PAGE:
Please note this FAQ pertains to odors related to the Wastewater Treatment Plant. There is also an FAQ about general sewer odors.
Why is the City of Northglenn Wastewater Treatment Plant (WWTP) located near residential areas?
The City built and put this facility into service in 1982 in Weld County. At that time, the area was almost exclusively agricultural and one primary reason for choosing the location was the distance from residential areas.
The plant now has residential areas nearby because surrounding areas are part of a different municipality (City of Thornton) that allowed new residential development.
Why wasn’t I informed of the location of this plant when I moved here? Who allowed houses to be built here?
As the City of Thornton began planning to develop the surrounding area for residential buildout, a 1992 legal agreement between the two municipalities was established that had the following stipulations:
- Developers are obligated to disclose proximity to the plant.
- Thornton agreed to respond to complaints from residents.
- Thornton is limited to a maximum of one dwelling unit per acre or six dwelling units per acre within the identified Development Corridor per the agreement.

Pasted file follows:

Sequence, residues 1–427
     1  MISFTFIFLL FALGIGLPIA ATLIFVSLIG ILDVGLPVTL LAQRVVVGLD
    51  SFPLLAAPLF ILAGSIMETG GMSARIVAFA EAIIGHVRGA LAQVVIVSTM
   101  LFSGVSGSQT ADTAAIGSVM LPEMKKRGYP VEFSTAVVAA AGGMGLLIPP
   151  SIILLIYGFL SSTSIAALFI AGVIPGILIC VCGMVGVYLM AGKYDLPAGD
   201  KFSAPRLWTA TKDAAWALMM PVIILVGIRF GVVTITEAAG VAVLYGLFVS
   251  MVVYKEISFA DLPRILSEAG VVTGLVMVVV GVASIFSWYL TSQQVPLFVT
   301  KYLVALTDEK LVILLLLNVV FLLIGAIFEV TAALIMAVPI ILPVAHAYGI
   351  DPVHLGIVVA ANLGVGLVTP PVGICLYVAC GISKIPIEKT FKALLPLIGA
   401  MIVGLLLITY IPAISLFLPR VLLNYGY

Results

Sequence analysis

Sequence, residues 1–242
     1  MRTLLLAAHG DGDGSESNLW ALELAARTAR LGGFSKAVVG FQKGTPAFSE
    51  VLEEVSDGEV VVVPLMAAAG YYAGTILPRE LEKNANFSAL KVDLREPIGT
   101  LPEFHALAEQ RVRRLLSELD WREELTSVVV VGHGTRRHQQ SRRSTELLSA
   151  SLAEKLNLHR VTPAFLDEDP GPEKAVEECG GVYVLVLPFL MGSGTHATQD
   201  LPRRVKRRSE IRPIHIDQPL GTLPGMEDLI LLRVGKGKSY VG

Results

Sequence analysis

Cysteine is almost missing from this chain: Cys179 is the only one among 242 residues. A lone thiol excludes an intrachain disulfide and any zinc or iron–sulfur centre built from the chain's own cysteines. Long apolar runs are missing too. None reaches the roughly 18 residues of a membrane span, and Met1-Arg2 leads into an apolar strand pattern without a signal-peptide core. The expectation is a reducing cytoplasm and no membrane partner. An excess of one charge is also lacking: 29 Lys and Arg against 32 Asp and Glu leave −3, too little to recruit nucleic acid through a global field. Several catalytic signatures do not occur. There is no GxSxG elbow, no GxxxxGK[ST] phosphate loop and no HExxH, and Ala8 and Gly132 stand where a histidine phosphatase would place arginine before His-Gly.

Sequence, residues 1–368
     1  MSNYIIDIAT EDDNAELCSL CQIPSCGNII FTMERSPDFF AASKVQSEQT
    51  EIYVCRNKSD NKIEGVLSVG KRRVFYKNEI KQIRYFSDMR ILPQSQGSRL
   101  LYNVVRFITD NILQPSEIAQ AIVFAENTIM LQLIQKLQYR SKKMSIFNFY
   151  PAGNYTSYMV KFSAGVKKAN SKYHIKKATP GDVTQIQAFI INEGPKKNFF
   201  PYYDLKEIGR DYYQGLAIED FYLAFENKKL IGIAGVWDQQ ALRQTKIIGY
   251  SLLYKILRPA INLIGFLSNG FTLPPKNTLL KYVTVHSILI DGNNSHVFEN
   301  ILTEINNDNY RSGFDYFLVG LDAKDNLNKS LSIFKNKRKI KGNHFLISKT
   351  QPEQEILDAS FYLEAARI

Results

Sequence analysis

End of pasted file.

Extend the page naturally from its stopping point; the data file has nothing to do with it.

There is debate on whether these commitments have been upheld, but they are in place.
Why doesn’t Northglenn do anything to fix the smell?
First, as a wastewater treatment plant, we want to make it clear that it is impossible to eliminate all odors.
That said, Northglenn is committed to being a good neighbor. In the last three years the city has invested over $15 million in the wastewater system, and in 2021 has begun another $25 million of investments slated to take place over the new few years. The investments improve efficiency, storage methods, chemical treatment, transport and more – which all support minimizing odors. The current systems all meet or exceed state and federal regulations.
In addition, Northglenn works hard to adjust chemical treatments and use industry standards that help with odor mitigation. We are always open to trying new methods, but there are some limitations. Responsible use of public funds, state and federal laws/permitting, and completing due diligence to ensure efforts reduce (instead of exacerbate) the odors are all a part of the process. That process takes time, testing, and funding. We work hard to involve our industry partners to address this issue, and would welcome the opportunity to partner with the City of Thornton as well.
What exactly is that smell?
The WWTP processes all the wastewater that goes through the sewer system from the City of Northglenn. There are roughly 12,000 residences and 1000 businesses in the City, and this plant processes all the waste.
Please see our handout for specific steps we’ve taken in response to odor complaints.